The newly rebranded Hlinka Gretzky Cup, presented by RAM, is set to make its debut in Canada this weekend, as Edmonton and Red Deer will welcome the best under-18 players from eight of the world’s top hockey nations.
“Being able to see the greatest sprinter of all time, how much energy he brought to the stadium, that was a really special moment for me,” says Brown, who will be running in the 200-metres and 4x100m relay. “For the younger generation to see these athletes compete [at NACAC] and get a chance to meet the people they can only see on television or read about, hopefully that will lead to more participation for the next generation.”
A Toronto-native, Brown won’t be the only big-name athlete competing at the NACAC Championships. The international event will play host to 28 countries, with numerous Olympic medalists as well as World Champions, making it one of the most star-studded international track and field competitions in Canadian history.
2008 and 2012 Olympic champion in the 100-metres, Shelley-Ann Fraser-Pryce highlights Team Jamaica, along with 400-metre specialist Stephanie Ann McPherson, both coming off Diamond League wins in London last month.
Joining Fraser-Pryce and McPherson in Toronto is world leader in the discus, Fedrick Dacres, who already has a victory in Toronto on his resume, winning the gold medal at the 2015 Pan American Games.
Olympic medalists Sherika Jackson (400-metre and 4x400m), Christine Day (4x400m), Fitzroy Dunkley (4x400m) as well as World Championship medalists Shashalee Forbes (4x100m), Danielle Williams (100-metre hurdles), and O’Dayne Richards (shot put) will also be contenders for Jamaica. A full list of Team Jamaica’s athletes can be found here.
On Team USA, 2016 Olympic silver medalist in the pole vault Sandi Morris will lead the team on the field. On the track, the world record holder in the 100-metre hurdles, Kendra Harrison will be bringing the season’s fastest time, while 400m-hurdler Shamier Little is coming off a Diamond League victory in London as well.
Members of the U.S Olympic gold medal winning 4x400m team, Phyllis Francis and Courtney Okolo, along with World Championship medalists Jenna Prandini (4x100m), Ajee Wilson (800-metre), Michael Cherry (4×400), and Mason Finley (discus) round out those to keep an eye on. Full team can be found here.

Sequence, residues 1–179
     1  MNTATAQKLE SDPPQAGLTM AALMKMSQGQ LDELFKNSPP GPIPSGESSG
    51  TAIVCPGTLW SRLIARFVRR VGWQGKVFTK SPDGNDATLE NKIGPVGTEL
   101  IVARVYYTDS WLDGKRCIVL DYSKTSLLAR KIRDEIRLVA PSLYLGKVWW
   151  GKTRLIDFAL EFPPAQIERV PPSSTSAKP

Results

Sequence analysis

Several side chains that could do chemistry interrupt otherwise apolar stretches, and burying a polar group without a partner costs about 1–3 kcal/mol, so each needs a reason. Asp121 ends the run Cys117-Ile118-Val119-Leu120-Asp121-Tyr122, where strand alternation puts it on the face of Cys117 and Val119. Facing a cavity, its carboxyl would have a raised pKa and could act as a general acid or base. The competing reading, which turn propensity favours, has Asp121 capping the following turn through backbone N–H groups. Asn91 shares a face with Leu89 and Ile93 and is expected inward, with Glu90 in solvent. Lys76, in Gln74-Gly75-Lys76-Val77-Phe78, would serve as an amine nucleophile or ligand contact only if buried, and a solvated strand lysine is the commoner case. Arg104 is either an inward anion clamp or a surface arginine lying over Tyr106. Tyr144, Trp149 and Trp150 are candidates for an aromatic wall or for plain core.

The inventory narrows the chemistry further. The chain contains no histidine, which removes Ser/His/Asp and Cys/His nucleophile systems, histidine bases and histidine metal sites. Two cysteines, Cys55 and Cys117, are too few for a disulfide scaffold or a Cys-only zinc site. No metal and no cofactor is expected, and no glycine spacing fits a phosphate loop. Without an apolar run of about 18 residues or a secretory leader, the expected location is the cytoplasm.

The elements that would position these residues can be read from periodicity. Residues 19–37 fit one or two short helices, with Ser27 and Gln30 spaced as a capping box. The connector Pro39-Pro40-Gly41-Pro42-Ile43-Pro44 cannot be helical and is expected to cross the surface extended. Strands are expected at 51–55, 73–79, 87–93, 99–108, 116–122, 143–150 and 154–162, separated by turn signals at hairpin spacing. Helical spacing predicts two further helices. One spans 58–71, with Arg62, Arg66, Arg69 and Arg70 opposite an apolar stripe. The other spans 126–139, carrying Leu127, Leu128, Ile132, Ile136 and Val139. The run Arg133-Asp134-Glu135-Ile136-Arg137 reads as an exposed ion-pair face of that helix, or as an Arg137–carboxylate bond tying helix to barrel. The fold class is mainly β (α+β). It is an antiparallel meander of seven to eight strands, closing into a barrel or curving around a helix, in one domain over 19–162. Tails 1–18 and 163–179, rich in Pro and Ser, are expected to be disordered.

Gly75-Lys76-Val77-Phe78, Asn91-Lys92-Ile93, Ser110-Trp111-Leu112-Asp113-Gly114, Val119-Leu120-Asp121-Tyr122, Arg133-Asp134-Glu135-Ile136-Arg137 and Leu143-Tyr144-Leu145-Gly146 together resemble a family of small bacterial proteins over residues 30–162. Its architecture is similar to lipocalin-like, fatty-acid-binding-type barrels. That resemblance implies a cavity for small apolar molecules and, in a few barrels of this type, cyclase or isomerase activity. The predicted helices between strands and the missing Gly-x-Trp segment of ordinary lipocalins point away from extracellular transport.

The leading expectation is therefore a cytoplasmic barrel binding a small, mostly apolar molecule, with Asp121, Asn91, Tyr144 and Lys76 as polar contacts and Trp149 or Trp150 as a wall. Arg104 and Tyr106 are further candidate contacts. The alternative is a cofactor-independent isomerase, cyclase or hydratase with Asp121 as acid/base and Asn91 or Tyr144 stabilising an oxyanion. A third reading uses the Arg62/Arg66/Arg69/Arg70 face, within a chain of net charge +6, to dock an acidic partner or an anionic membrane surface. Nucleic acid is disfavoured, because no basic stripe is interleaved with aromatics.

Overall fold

19-year-old long jump phenom from Cuba, Juan Miguel Echevarria will be coming to Toronto as the world leader in the men’s long jump, having jumped 8.68 in Germany as well as a wind-aided 8.83-metres in Stockholm earlier this year.
Other notable athletes to keep an eye on from the international teams will be Alonzo Russell (2016 Olympic bronze medalist in the 4x400m relay), high jumpers Donald Thomas (2007 World Champion) and Jamal Wilson (2018 Commonwealth silver medalist) from the Bahamas, Yarisley Silva (2012 Olympic silver medalist, 2015 World Champion in the pole vault), and Olympic medalists Keston Bledman (silver at the 2008 and 2012 Olympics in the 4x100m), and Deon Lendore (2012 Olympic bronze medalist in the 4x400m) representing Trinidad and Tobago.
The NACAC Championships will also mark the return of some Canadian athletes who missed time due to injuries. Sage Watson made her return in London but missed the Canadian national championships with a sprained right foot injury while Commonwealth gold medalist and Canadian pole vault record holder, Alysha Newman will return after being sidelined since May, missing the Prefontaine Classic as well as the Canadian national championships with a knee injury.
“Going into NACAC, I want to compete healthy with my goal being to have fun,” Alysha Newman says. “This is the best of North America, Central America and Caribbean. They’re taking their top one and two in each event, gold medallists, record holders, there’s going to be so many athletes that you just don’t get to see unless you travel. We’re getting to the end of the season, women and men will be running, jumping and throwing their best. I’m expecting personal bests, national records and maybe even better than that will happen at this meet.”
With a talented line-up of athletes expected to compete at Varsity Stadium, Newman and Brown both believe how unique of an experience this will be for Canadians to experience a large size track and field meet in Toronto, especially with the Tokyo Olympics just around the corner.